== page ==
News In Brief


Often, corporate mergers are followed by cost-cutting measures - especially layoffs. But not at The Butcher Co., which specializes in cleaning products. Soon after the Butchers sold their Marlborough, Mass., firm to another company, they made an unconventional announcement: $18 million of the proceeds would be shared with the sellers' 325 employees. That's an average bonus of about $55,000 each. Said nine-year employee Mary Sullivan: "God knows what a blessing you've done for us. Now my child can go to college."


From Wellington, New Zealand, comes word that Geoff Marsland has produced a commercial form of payback for neighbors who party late into the night. It's a 64-minute compact disc of lawn-mower noise, to blast the same people with early the next morning. The CD, of which 4,000 copies already have been snapped up by retailers, even comes with the sounds of stones hitting the mower blades and a receptacle bag being emptied.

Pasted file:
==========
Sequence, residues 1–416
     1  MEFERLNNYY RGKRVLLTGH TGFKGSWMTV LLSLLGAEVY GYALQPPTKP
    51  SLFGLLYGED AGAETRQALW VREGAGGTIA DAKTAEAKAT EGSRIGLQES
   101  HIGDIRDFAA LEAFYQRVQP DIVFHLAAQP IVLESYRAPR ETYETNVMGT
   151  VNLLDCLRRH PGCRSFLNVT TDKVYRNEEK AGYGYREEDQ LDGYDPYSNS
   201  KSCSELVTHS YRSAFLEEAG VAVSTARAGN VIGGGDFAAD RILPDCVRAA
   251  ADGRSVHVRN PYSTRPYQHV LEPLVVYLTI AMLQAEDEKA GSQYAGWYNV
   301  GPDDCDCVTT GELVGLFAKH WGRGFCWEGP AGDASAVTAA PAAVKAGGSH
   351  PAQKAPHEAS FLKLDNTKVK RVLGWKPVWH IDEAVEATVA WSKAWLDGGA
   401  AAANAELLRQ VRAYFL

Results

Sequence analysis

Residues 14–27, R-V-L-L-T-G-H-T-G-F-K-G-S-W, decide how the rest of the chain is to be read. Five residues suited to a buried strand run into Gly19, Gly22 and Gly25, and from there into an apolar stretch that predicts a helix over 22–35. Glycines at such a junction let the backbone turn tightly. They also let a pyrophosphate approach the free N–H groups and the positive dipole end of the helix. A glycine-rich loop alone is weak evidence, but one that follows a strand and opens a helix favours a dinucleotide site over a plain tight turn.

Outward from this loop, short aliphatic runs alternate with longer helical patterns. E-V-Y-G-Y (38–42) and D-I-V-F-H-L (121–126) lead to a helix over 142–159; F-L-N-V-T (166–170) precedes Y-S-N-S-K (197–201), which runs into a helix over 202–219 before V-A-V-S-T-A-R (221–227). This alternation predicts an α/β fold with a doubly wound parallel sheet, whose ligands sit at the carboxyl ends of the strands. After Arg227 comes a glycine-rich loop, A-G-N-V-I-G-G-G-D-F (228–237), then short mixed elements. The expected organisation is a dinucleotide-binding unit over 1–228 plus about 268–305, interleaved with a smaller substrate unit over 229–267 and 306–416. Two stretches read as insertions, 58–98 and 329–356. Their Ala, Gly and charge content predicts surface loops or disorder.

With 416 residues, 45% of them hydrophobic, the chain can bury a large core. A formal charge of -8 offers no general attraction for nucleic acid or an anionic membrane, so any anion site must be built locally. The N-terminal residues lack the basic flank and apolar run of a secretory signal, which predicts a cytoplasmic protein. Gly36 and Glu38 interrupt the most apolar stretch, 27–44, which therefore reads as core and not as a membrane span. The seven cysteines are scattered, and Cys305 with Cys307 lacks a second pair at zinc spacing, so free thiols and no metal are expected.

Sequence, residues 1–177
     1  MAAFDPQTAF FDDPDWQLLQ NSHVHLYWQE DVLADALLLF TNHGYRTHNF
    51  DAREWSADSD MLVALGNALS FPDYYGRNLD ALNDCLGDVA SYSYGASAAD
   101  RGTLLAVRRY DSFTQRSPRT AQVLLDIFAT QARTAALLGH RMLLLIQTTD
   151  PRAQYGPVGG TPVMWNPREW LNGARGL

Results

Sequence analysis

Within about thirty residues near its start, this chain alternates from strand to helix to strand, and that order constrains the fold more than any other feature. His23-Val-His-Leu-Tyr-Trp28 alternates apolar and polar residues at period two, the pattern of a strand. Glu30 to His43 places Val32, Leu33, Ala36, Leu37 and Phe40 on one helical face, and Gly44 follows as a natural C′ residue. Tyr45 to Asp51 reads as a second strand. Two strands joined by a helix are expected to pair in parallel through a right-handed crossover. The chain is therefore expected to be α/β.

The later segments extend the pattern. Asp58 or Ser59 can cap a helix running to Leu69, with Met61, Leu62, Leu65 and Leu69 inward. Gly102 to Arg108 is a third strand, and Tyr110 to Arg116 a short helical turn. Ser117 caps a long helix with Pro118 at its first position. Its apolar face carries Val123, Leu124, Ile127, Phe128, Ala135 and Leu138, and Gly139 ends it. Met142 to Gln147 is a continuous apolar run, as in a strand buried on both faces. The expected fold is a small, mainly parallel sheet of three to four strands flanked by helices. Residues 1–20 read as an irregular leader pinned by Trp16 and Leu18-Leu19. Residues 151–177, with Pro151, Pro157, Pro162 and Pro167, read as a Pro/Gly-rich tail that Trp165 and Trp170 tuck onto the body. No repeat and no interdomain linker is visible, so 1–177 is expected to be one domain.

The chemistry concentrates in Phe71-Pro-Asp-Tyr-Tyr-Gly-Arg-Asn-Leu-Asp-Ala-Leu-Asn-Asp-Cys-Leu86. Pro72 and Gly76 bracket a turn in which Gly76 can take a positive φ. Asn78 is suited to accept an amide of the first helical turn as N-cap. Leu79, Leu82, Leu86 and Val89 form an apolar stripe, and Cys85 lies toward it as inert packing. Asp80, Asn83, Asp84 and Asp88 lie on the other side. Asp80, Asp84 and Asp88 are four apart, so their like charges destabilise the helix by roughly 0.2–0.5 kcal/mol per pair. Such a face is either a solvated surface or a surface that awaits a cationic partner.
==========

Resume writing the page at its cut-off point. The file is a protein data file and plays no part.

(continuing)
Most vital subject in school: New survey finds it's math

Maybe all the concern in public education over slippage in math and science achievement among students has had an impact after all. At least, that's the inescapable conclusion of a new national survey conducted by Roper Starch Worldwide for Akamai Technologies Inc., a Cambridge, Mass., provider of servers for Internet content. Roper asked 514 US students ages 12 to 17 how they rate the most common subjects - in terms of importance as well as the degree to which they're interested in them. The clear winner: math, even though the US Department of Education says only 69 percent of high school seniors are "proficient" in the discipline. The subjects as ranked by students in the survey and the percentage who said each is "very important":

Mathematics 80%

English 68%

Science 42%

Foreign languages34%

Physical education 21%

History 19%

-- Business Wire

(c) Copyright 2000. The Christian Science Publishing Society

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